What does a sustainable-minded farmer grow in Alaska where the average mean temperature is less than 30 degrees Fahrenheit most of the year? If you are Christopher and Crystal Boze at Green Winter Farms of Palmer, Alaska (about 45 minutes north of Anchorage), the answer would be basil – grown in a 40-foot-long shipping container and a 500-square-foot metal building called “the Space Station.”
“Normally, the earliest outside planting date around here is May 31st,” Crystal Boze said. “And by mid-September, everything’s gone or frozen.”
Boze and her husband quit their day jobs and launched Green Winter Farms three years ago. Their hydroponic system, set up in less than 1000 square feet of growing space, and warmed with LED grow lights, is astonishingly fertile – their yield of about 1.7 pounds per square foot of basil provides 14 local grocery stores, seasonal farmers markets and one local restaurant year-round with fresh basil.
Nearly all produce Alaskans consume is flown in, raising the cost of healthy eating and severely upping the carbon impact of the food system. Plus, most of the food has lost its nutritional value by the time it lands on an Alaskan plate, so that most people have no idea what a fresh tomato really tastes like.
Crystal Boze of Green Winter Farms standing outside the 40-foot-long, 500-square-foot shipping container called “the Space Station” in which the Alaska-based farm grows its basil.
The Bozes wanted to see if they could change the paradigm a little. Crystal had attended State University of New York at Cobleskill, an agricultural and technical school, and learned to grow tomatoes hydroponically in her laundry room. She figured the same could be done in Palmer.
She could and did. Spectacularly well. The Bozes grow more than 400 pounds of basil a month, year-round. Their success – crop sell-out monthly – convinced them to expand their home operations. They made plans to set up a “Hydro-Dome,” an 800-squre-foot growing space that will triple their capacity and allow them to introduce now varieties to their crop offerings.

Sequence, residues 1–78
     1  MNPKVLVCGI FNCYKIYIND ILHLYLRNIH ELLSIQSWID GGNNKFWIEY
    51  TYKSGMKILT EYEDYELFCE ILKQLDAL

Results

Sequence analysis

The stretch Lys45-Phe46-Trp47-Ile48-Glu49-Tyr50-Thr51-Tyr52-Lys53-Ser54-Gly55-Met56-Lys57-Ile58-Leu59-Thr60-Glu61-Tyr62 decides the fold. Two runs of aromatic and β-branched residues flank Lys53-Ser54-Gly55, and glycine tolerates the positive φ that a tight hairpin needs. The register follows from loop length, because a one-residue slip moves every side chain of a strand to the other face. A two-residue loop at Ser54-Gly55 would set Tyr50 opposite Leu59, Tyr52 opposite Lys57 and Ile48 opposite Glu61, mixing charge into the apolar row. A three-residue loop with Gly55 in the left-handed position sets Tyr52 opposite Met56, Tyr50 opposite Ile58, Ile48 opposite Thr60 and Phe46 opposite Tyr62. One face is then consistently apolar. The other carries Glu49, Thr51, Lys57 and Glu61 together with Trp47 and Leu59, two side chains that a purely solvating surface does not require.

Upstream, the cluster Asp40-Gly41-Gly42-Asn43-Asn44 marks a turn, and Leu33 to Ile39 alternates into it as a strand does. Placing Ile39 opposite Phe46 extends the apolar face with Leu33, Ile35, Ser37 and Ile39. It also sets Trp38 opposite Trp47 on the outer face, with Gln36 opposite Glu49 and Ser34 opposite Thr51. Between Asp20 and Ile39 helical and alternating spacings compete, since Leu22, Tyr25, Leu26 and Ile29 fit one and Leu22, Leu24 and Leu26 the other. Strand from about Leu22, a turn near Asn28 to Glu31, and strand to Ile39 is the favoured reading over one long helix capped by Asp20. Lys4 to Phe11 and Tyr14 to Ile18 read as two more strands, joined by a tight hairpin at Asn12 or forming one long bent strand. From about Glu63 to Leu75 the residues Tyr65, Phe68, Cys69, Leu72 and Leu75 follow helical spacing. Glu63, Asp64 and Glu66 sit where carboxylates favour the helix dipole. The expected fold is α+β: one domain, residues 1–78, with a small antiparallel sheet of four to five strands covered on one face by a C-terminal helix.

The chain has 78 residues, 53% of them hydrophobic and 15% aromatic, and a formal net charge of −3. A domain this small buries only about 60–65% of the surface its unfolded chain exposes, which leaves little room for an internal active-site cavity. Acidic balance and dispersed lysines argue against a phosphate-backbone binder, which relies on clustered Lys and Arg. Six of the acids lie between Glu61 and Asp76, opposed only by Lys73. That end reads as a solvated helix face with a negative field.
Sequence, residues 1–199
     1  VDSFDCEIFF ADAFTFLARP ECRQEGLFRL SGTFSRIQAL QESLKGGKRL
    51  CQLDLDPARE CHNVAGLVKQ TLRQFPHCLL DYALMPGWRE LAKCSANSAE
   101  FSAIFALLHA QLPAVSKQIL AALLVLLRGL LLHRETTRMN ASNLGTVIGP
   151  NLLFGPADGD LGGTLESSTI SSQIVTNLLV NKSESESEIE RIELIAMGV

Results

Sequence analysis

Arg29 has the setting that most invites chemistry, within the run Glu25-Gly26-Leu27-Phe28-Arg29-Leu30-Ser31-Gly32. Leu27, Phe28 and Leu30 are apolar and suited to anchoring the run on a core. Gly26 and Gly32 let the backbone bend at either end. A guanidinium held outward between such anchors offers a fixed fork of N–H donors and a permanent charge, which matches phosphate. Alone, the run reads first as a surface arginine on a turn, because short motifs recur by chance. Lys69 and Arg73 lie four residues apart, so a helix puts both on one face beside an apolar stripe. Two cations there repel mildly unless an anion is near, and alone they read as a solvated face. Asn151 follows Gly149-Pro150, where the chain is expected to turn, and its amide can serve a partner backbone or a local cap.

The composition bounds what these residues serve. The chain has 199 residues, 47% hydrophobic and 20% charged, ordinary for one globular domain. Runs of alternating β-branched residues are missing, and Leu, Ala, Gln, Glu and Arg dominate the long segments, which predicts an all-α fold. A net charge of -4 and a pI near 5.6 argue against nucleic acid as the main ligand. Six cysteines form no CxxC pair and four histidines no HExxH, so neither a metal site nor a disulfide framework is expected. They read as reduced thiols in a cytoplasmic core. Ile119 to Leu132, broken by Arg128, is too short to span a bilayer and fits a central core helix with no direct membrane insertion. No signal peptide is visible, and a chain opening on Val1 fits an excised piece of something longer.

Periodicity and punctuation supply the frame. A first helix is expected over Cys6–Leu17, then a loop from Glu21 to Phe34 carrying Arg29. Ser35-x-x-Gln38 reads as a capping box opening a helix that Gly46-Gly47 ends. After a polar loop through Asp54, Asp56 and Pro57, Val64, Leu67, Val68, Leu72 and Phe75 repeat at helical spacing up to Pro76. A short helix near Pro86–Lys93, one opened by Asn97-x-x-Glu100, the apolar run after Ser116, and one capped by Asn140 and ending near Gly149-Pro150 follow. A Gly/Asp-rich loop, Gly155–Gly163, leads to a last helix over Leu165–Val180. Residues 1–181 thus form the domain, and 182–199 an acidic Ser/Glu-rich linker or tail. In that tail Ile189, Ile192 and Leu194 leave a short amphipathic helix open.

“Everyone is asking us to do more herbs like mint and cilantro,” Boze said. “We sell out of everything we grow and personally distribute all our stuff to the local stores.”
The Bozes will use the same hydroponic production methods that have worked for them so far with LED lighting and a carbon neutral, biomass combustion boiler to keep the dome warm in the winter. With 100 mile-per-hour winds common in the colder months, the dome’s minimal surface area and aerodynamic form is ideal to ride out the wild Alaskan winters.
The key to such expansion, of course, is funding. So the Bozes turned to a Kickstarter campaign that runs till the end of May. They are looking to raise enough funds to have the Hydro-Dome in place by August.
“We’ve already purchased a lot of the material and plan to do a lot of the construction ourselves,” Boze said. “It’s tricky, because we had a really wet winter and now we have to wait for the ground to dry before we pour concrete. But we want to finish this summer and start growing.”
Crowdfunding platforms like Indiegogo and Kickstarter have become a hot source for quick capital fundraising of many a diverse project. Dresden Dolls singer Amanda Palmer was looking to raise $100,000 for her 2012 album “Theatre is Evil;” she was rewarded with a whopping $1.2 million from her fans. Green Winter Farms’ goals are more modest: $26,000.
Unfortunately, Alaskans are not, as Boze said, “particularly savvy” about Kickstarter. Their pledges so far amount to less than $1,000. But the Bozes are determined “come hell or high water” to build their Hydro-Dome.
Their resolve is not flight of fancy. With two children under the age of five, the Bozes still manage a farm that includes the commercial growing setup, as well as raised beds (during the summer) full of strawberries, lettuce and dill (fenced off from roaming moose and bear), milk goats, miniature pigs, chickens and ducks. They know from farming.
Boze would like to compost, but she said, “Nothing really breaks down here. It’s just too cold.”
Their next venture, in conjunction with the Hydro-Dome, is to move into aquaponics – raising tilapia or catfish to provide nutritionally dense water for their crops. It’s a move that makes sense with Chris’ fishery background. Such expansion will also allow them to hire staff full-time, contributing to the local economy.
The Boze children help label on packing days and Crystal’s mom and grandma keep an eye on everyone during production. Boze said that they make a far better living now than when Chris was working at a hotel and the family is happier.
“Alaskans like to be self-sufficient,” she said.